Reporting sexual assaults on campus

My former Boston Phoenix colleague Kristen Lombardi is the lead reporter in a series on how college and university administrators respond to allegations of sexual assault. Published by the Center for Public Integrity, a non-profit investigative-reporting project, the series is the product of months of work and scores of interviews.

Lombardi reports that when law enforcement declines to step in because of insufficient evidence, conflicting stories and the like, colleges are mandated under federal law to investigate. Yet victims and alleged victims encounter a frustrating atmosphere of secrecy and of administrators who don’t always take them seriously. Lombardi writes:

College administrators bristle at the idea they’re shielding rapes. But they admit they’ve wrestled with confidentiality in campus assault proceedings because of FERPA and the Clery Act [federal laws that mandate privacy]. Confusion over the laws has reinforced what critics see as a culture of silence that casts doubt on the credibility of the process. “People will think we’re running star chambers,” says Don Gehring, founder of the Association for Student Conduct Administration, referring to secret, arbitrary courts in old England. “And that’s what’s happening now.”

The series, “Sexual Assault on Campus: A Frustrating Search for Justice,” is a vivid example of investigative journalism’s migration to online, non-profit organizations. And, as is more and more often the case with such projects, it comes complete with multimedia, additional resources and an extensive “Reporter’s Toolkit” to help news organizations follow up on the work produced by Lombardi and her fellow journalists.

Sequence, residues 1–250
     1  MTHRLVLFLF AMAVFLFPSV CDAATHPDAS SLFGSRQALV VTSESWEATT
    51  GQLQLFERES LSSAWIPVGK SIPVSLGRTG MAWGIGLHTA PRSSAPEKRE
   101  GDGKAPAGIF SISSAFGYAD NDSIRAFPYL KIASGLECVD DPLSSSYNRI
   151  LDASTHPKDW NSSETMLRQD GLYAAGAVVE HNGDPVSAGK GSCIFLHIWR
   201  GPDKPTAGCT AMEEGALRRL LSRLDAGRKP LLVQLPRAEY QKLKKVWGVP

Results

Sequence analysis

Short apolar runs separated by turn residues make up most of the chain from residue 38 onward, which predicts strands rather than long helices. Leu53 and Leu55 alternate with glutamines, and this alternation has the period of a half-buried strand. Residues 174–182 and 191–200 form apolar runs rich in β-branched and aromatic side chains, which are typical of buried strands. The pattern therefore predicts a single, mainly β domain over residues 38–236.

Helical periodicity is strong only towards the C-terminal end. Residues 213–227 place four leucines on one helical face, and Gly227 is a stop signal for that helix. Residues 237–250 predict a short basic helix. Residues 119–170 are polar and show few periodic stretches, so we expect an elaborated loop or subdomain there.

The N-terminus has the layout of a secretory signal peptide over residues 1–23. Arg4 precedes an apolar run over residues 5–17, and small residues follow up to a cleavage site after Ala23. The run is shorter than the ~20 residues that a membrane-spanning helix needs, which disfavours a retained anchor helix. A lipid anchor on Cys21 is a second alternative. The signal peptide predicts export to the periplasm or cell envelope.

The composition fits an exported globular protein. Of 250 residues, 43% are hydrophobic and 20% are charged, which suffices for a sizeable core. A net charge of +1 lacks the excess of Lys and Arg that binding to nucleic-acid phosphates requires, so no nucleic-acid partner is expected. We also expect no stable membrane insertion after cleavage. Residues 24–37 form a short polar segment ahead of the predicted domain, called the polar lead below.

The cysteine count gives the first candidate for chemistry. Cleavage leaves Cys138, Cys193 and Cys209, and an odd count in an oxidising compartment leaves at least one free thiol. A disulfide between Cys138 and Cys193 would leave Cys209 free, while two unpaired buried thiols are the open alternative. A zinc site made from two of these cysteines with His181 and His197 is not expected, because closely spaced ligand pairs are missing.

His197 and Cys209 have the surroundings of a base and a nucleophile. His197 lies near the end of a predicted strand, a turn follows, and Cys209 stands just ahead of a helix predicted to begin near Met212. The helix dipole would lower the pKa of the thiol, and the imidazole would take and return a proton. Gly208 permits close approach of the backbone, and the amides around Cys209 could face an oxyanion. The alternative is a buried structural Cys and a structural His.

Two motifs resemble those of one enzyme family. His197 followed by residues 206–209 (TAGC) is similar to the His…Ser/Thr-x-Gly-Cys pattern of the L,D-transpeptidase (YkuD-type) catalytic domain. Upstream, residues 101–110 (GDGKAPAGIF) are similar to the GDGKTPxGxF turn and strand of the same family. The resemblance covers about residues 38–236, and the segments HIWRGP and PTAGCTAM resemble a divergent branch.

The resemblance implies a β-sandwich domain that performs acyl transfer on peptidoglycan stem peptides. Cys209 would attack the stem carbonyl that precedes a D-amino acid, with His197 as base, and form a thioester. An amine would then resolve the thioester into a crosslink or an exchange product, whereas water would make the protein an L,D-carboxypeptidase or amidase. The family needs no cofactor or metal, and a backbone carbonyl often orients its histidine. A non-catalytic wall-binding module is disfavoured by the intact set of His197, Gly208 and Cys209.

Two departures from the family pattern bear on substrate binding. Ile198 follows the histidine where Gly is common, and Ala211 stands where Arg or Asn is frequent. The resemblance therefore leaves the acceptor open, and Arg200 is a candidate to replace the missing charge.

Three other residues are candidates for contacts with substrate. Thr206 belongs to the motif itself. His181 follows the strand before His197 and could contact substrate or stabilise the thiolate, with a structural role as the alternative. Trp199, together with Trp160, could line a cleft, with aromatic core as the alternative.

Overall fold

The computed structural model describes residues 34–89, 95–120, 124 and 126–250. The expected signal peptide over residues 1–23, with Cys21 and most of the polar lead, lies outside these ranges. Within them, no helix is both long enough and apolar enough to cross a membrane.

Last week, Lombardi discussed her report on NPR’s “Talk of the Nation.”

The future of investigative reporting?

propublica_20090831If you looked closely, you may have noticed that the cover story of the New York Times Magazine yesterday — a long, harrowing examination of accusations that the staff of a New Orleans hospital euthanized several patients following Hurricane Katrina — was a collaboration with ProPublica, a non-profit investigative-reporting foundation.

According to Zachary Seward of the Nieman Journalism Lab, the 13,000-word story may have cost as much as $400,000 (perhaps a bit of an exaggeration) to produce — a huge chunk for the Times, but in this case the paper spent nothing: a grant from the Kaiser Foundation paid for much of the reporting. It’s the sort of alternative funding model that may help to ensure the future of investigative journalism.

The story, by ProPublica’s Sheri Fink, is available not only on the Times’ Web site, but also at ProPublica.org. And starting Sept. 29, anyone can run it for free as long as proper attribution is provided.

Fink’s investigation centers on Dr. Anna Pou, a cancer specialist who may have killed several patients who, in her judgment, were near the end of their lives and could not be rescued. As with much good investigative reporting, the story is inconclusive, yet absolutely riveting in describing the despair that had settled over Memorial Medical Center — sweltering, without power and all but abandoned.

Implicit is that regardless of Pou’s actions, the real blame should be laid at the feet of incompetent government officials who abandoned New Orleans to its fate for days on end.